Volunteering in Addis, 6/1 – 6/15

Um… What am I writing about again? It’s hard to remember the last two weeks of volunteering as now I’m sitting with Elizabeth on the beach. I think the last post we created was about Harar so I’ll just start from there.

We were on a plane heading to Addis Ababa and hoping that our airport pick-up would be there when we land. It wasn’t, so we had to walk out of the airport to find Internet and check our email and make a call. Once our ride showed up we were introduced to the man, Getinet, we would be working with for the next two weeks at his organization, called Strong Hearts. We talked about our skills and were excited to dive into the work. Elizabeth signed onto the Hospice program and I would be fixing old computers and working on the website. We arrived in Kore, one of the poorest suburbs of Addis Ababa, which also happens to be where the trash dump is located south of the city. We where introduced to the other volunteers, staff, and cockroaches we would be spending the next two weeks with. It felt cool to be thrown into the same boat with other people who had planned special trips from all over the world (Japan, NYC, Florida, Canada, Vermont, Ireland, DC and Greece) to spend their time and money helping others. That was by far the most wonderful and rewarding part of the weeks to come.

The first day of volunteering we had the most enthusiasm, which was quickly squashed as we fell into Habasha time (Ethiopian time), a running joke that Ethiopians are NEVER on time and things get done veeeeeeeerrrrrrrrryyyy slowly. Since we were only there two weeks, it was going to be difficult to accomplish much. In that time, I was able to fix three computers and set up a small computer lab, continue developing a website that a previous volunteer had created, go on a few Hospice visits, and spent a bit of time with the kids in the school. Elizabeth was able visit the Hospice patients who were in various stages of HIV/AIDS, cancer, and tuberculosis. She was also able to rewrite all of the content on the website as a native English speaker/grammar grinch, and teach verb tenses to children in the after school program. I was a student and learned with the rest of the kids:) I hope that the work we did was helpful, especially since two weeks does not feel like enough time to make a real difference.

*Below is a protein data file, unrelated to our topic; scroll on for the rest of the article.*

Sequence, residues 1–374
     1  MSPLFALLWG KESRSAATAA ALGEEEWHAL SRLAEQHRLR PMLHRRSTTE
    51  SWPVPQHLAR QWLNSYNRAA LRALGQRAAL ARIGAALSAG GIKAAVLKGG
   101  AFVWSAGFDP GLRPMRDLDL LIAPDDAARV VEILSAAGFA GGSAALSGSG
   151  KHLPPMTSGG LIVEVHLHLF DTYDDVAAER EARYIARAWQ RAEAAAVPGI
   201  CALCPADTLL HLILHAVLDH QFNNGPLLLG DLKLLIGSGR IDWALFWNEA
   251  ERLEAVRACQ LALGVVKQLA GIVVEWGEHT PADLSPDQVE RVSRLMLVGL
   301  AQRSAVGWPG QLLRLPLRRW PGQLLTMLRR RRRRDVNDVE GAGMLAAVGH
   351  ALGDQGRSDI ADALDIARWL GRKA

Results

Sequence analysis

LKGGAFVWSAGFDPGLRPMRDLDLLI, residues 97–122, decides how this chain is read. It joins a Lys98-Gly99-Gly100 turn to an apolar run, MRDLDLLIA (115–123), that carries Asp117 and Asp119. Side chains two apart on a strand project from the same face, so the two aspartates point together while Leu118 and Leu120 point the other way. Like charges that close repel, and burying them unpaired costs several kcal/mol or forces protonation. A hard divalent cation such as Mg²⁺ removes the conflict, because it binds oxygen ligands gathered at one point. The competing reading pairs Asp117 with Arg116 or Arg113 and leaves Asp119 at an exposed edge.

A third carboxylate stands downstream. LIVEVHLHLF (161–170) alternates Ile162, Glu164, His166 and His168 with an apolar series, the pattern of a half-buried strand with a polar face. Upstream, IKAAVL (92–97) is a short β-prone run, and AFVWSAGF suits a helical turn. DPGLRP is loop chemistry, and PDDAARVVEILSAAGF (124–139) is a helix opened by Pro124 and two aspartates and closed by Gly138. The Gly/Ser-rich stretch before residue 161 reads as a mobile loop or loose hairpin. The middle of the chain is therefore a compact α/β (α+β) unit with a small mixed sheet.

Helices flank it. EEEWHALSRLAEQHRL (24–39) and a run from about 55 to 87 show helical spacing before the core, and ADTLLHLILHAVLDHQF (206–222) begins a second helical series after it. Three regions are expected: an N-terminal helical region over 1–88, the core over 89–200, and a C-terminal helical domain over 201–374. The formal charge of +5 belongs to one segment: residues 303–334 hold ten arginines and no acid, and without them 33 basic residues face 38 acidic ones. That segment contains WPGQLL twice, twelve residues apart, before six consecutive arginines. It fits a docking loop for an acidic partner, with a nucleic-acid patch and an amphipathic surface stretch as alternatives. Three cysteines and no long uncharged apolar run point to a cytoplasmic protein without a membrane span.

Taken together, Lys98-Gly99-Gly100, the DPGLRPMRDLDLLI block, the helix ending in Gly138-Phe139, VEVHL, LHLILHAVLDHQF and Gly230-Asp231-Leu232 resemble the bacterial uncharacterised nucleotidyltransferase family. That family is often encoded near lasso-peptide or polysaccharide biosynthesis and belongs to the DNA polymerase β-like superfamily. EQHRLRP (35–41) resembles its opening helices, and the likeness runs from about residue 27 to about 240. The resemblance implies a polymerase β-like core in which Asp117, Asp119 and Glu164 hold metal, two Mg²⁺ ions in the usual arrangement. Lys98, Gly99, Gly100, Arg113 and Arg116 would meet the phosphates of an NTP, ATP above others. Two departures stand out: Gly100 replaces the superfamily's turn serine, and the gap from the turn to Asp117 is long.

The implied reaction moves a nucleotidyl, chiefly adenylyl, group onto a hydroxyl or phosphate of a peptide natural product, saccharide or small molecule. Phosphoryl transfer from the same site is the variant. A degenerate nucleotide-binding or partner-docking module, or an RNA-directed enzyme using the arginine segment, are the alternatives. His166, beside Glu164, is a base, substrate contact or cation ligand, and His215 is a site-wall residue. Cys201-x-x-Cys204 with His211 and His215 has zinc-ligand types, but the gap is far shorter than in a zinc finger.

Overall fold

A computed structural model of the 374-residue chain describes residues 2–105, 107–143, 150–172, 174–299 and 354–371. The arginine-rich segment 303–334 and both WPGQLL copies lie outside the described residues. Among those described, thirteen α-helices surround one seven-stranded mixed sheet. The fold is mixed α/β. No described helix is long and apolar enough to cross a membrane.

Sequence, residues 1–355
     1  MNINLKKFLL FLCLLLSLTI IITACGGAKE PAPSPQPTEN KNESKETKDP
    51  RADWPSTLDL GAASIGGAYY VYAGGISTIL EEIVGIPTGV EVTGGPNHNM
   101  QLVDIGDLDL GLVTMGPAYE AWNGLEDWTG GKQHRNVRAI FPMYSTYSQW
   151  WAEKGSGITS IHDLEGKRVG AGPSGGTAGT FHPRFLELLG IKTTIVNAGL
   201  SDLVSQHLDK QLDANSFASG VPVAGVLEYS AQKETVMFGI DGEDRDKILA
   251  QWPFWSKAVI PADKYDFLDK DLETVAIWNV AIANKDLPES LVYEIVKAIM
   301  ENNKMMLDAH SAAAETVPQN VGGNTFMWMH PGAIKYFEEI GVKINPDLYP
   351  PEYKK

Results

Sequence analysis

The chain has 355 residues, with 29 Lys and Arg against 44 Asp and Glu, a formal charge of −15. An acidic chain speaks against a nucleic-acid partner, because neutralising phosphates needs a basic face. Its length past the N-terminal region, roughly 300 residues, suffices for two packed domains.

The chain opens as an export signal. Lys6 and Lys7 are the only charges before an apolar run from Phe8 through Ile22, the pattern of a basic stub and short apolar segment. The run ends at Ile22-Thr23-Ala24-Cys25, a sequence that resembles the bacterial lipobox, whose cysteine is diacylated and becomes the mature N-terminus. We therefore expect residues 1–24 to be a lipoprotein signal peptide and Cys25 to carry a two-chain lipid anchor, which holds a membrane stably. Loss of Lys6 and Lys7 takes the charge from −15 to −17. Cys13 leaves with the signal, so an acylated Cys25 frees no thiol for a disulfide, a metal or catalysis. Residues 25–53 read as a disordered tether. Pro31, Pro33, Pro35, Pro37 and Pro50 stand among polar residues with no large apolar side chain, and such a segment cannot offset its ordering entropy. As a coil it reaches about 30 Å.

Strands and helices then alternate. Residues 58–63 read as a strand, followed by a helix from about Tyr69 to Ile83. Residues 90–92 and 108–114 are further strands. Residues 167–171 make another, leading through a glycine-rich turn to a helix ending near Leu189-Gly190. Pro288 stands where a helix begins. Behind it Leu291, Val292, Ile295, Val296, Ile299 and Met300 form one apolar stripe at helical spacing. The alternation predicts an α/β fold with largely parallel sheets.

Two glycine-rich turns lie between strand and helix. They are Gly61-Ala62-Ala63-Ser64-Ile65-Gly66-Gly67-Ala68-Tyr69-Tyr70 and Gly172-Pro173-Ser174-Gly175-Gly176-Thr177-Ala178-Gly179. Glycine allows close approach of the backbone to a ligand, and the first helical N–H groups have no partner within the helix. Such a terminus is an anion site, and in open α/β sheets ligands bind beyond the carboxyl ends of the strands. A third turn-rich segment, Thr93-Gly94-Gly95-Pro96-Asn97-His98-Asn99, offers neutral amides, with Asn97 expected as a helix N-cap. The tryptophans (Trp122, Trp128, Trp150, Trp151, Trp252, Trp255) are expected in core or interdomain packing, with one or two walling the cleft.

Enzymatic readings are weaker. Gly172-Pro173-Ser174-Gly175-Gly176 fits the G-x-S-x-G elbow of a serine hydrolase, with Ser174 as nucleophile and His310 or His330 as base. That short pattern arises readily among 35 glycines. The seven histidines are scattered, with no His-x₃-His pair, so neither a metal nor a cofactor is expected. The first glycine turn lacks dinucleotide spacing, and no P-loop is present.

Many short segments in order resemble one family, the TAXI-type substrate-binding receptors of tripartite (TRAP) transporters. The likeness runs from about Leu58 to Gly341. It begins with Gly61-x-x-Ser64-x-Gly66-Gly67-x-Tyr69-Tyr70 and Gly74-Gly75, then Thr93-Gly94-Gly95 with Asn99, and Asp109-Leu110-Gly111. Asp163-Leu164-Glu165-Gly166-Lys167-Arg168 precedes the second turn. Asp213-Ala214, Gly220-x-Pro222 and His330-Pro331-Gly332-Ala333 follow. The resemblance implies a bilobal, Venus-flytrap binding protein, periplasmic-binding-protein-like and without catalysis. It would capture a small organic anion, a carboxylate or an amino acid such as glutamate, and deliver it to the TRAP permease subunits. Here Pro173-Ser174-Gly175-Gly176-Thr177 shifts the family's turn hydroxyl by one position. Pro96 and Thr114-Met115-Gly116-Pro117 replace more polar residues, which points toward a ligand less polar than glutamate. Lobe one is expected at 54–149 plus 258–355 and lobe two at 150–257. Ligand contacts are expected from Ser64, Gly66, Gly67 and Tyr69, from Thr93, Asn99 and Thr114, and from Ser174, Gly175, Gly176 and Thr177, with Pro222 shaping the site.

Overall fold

Outside of volunteering, we loved getting out to see more of Addis Ababa in our free time. We had seen a shoe company featured on the BBC called Sole Rebels, which is focused on fair trade for women workers creating shoes. We knew they were big time when we learned they had been on Oprah! We headed out to the mall to buy a pair. We got one for Elizabeth, and we picked up some new friends in the process…Michael and his 10-month-old son, who was really enjoying pulling all the shoes on the rack!

We ended up going to a “fundraiser” for the ICS, the school were Michael and his wife Devon had been teaching for the past two years. When we saw how nice the school was (especially compared to everything else we had been seeing in Addis!), we weren’t really sure why they needed to “fundraise,” but we were sold on the promise of tacos! The theme was Salsa Night, so we loaded up on tacos, salsa and guacamole…the few things we have been craving since there is definitely no such thing as a Mexican restaurant in Africa (well, at least that we have found!) Devon taught me how to salsa dance (well, kind of…you can imagine my success if you have watched the video of me shoulder dancing), and it was so fun to rock out to 90s grunge with Elizabeth.